Dialect here refers to different attempts to create of Orcish or Neo-Black Speech from the Tolkien’s mythos. There are several attempts to construct a neo-version of the Black Speech and Orcish but  the distinction between Orcish and Black Speech is not always clear. As far as I understand it different people contributed in the 80 and 90s and A. Appleyard (Appleyard) compiled this in 1994. This seems to form the base for the Swedish LARP dialect Svartiska which seems to have been created in in the early 90s and largely completetd by the end of the decade. The Middle Earth Role Play (MERP) made a list of several Orcish words not based on Tolkien material but incorporated in Svartiska. (I have the book “Angmar”, second edition 1995.) The Land of Shadow (LoS) dialect (started to be developed in 1998 and the first lessons were published late in 2002 or early 2003) is the most wide spread and as I understand it there is a German variant of this dialect callad Rukh Nulûrz by the (inactive?) larp-group Shapog’gûr (but uses words from several sources not the least Svartiska). There is also an American Orcish dialect called Horngoth (grammar from 2003) which shares quite many words with LoS . See The Black Speech School for more information on the dialects. Then I have created the Zhâburi which is described on this site (Zhâburi A 2011 and Zhâburi B 2016 ongoing construction on this site). There is of course also David Salo’s Black Speech and Orcish which he constructed for Peter Jackson’s movies which are not related at all to the other dialects. 

Zhâburi is the newesr attempt that I know of to create a Black Speech. (Except of Nûrlam “Scholar language”, a new dialect constructed mainly from LoS by the one behind the Black Speech School but nothing of it has been made public yet). The first version (A) is a variant of Svartiska but the second version (B) is more free standing but still connected to Svartiska but also LoS and Horngoth. See also my analysis of Black Speech and Orcish.

We know very little of the languages of the Shadow but one thing is certain there is a clear distinction between proper Black Speech and Orcish (here I elaborate on the relationship between Orcish and the Black Speech). As David Salo writes:

Sauron, I imagined, was an enormously practical person, who would have made the Black Speech as “perfect” (according to his notions of perfection) as he could make it, with a rigorous consistency and logic, but without making any allowance for æsthetics. It would not eschew borrowings from other languages of Middle-earth, but it would adapt them to its own style. It would in fact have been, as my friend Helge Fauskanger terms it, Sauron’s Esperanto.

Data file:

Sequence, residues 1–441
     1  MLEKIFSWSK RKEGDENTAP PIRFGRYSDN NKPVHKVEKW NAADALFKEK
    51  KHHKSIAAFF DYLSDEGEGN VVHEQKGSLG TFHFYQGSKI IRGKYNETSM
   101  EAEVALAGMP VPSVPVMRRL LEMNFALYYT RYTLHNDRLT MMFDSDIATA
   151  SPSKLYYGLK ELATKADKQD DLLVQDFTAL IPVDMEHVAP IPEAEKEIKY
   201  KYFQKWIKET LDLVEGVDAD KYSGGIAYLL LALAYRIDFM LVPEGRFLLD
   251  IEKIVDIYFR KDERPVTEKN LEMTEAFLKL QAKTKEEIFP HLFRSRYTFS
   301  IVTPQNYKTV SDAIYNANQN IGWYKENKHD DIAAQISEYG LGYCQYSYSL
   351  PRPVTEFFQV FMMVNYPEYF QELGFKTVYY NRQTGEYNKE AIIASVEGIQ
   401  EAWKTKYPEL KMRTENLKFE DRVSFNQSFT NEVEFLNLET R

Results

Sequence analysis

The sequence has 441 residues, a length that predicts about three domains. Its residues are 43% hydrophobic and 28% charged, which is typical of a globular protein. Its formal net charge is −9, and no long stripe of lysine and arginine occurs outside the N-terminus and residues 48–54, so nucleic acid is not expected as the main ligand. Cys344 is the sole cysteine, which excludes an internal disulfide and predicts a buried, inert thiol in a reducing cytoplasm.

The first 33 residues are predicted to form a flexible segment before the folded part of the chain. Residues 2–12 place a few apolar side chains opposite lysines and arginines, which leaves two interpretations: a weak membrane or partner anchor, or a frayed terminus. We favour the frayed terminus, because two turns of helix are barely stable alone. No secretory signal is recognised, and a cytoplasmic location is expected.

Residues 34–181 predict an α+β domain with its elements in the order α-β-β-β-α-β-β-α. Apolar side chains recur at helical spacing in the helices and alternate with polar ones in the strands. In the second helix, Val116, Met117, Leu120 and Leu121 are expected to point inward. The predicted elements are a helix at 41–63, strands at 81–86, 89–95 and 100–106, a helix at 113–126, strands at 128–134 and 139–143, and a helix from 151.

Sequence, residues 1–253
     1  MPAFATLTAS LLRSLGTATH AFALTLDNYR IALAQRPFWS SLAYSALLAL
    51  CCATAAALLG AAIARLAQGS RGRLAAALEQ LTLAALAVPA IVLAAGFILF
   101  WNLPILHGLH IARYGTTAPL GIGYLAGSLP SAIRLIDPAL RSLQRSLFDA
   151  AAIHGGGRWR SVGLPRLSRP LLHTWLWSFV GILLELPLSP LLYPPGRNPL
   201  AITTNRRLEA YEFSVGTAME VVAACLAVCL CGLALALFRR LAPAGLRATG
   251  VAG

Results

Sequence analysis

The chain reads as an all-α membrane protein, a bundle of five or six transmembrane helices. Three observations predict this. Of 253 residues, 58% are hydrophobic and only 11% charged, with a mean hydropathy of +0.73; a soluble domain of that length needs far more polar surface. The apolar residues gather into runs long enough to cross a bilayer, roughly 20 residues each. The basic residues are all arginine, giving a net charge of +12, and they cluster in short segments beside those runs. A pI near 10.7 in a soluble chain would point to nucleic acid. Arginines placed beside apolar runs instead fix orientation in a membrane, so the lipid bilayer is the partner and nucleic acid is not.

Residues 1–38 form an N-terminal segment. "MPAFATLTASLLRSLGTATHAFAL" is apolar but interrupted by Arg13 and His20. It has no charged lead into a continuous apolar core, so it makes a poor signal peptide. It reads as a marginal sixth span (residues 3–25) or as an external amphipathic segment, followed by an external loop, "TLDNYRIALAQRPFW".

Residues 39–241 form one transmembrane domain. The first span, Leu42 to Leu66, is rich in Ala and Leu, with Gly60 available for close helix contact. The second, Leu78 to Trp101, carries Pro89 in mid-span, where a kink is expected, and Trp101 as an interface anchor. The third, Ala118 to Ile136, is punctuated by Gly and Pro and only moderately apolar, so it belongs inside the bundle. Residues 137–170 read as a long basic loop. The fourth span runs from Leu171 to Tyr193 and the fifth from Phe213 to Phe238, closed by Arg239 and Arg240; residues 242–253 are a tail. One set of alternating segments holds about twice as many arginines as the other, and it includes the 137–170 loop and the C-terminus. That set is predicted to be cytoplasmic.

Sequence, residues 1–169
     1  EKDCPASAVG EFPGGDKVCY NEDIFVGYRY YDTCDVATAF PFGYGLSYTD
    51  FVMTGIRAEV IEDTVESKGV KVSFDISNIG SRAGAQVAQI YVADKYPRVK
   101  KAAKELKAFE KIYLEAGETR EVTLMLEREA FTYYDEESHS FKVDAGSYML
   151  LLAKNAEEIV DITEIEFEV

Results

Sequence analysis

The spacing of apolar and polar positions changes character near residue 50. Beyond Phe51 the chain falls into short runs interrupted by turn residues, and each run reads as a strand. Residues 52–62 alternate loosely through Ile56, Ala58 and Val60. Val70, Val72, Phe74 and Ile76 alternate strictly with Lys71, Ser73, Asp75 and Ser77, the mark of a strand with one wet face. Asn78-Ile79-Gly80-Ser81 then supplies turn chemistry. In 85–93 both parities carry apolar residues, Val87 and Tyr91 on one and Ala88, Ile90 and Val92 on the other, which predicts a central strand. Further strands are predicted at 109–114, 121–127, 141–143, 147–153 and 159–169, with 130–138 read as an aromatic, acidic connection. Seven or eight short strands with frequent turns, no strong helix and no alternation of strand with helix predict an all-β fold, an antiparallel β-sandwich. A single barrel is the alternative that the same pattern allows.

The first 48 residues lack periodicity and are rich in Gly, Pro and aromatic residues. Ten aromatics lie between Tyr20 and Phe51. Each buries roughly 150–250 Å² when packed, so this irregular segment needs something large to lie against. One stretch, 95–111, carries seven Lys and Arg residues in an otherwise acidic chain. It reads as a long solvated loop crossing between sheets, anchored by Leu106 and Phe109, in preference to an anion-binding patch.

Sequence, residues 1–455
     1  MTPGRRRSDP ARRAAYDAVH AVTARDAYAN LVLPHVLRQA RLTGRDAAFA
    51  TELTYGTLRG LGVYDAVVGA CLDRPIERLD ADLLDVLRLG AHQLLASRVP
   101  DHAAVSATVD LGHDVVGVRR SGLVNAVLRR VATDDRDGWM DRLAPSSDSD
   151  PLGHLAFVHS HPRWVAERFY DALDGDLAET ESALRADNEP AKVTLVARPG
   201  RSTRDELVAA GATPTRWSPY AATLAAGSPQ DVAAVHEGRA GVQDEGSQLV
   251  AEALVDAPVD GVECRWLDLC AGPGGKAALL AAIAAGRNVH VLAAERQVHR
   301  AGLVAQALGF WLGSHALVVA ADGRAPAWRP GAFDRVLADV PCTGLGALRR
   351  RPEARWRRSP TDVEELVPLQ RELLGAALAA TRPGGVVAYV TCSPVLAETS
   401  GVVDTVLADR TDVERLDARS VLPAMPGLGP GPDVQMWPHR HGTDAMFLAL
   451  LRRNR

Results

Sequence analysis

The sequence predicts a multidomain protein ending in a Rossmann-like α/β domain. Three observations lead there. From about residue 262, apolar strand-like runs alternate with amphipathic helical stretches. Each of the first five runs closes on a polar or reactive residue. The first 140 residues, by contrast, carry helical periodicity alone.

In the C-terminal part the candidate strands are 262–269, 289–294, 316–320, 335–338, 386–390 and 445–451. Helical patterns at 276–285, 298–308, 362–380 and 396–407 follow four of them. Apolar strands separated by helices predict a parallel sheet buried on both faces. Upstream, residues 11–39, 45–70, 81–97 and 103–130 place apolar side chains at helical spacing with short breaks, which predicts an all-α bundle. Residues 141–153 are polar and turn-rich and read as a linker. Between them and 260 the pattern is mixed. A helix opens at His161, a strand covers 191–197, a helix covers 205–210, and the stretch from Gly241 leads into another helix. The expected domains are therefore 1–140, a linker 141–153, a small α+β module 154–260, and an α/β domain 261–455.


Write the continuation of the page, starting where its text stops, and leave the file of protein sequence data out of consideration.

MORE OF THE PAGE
In sharp contrast to the relatively tight organization of Black Speech, the Orkish languages were to be simple, disorganized, and inconsistent, the result of years of rapid and ungoverned evolution. There would be grammar, of course, but also a fair amount of toleration of variation, and a continuous tendency to proliferate new words and abandon old ones. They would show a strong influence from Black Speech, at various stages in their development; but they would fail to adhere by its rules.

The Appleyard dialect have no clear distinction between Orcish and the Black Speech and draws inspiration from both the known Black Speech and the known Orcish but it is explicitly an attempt to construct a Black Speech. LoS is an explicit attempt to construct the Black Speech. Svartiska, Horngoth, MERP and Rukh’Nulûrz are instead attempts to construct Orcish languages. Svartiska for example has many alternative grammatical rules and synonyms reflecting the different Orcish dialects. Salo has developed both Orcish and The Black Speech.

Land of Shadow (see also my own take on it)
Rukh Nulûrz (German)  – I have written an overview in English.
Middle-Earth Role Play (MERP)
David Salo (and my analysis and his Orcish) Salo’s site is down
Zhâburi A
Zhâburi B

Last updated: 2020.04.22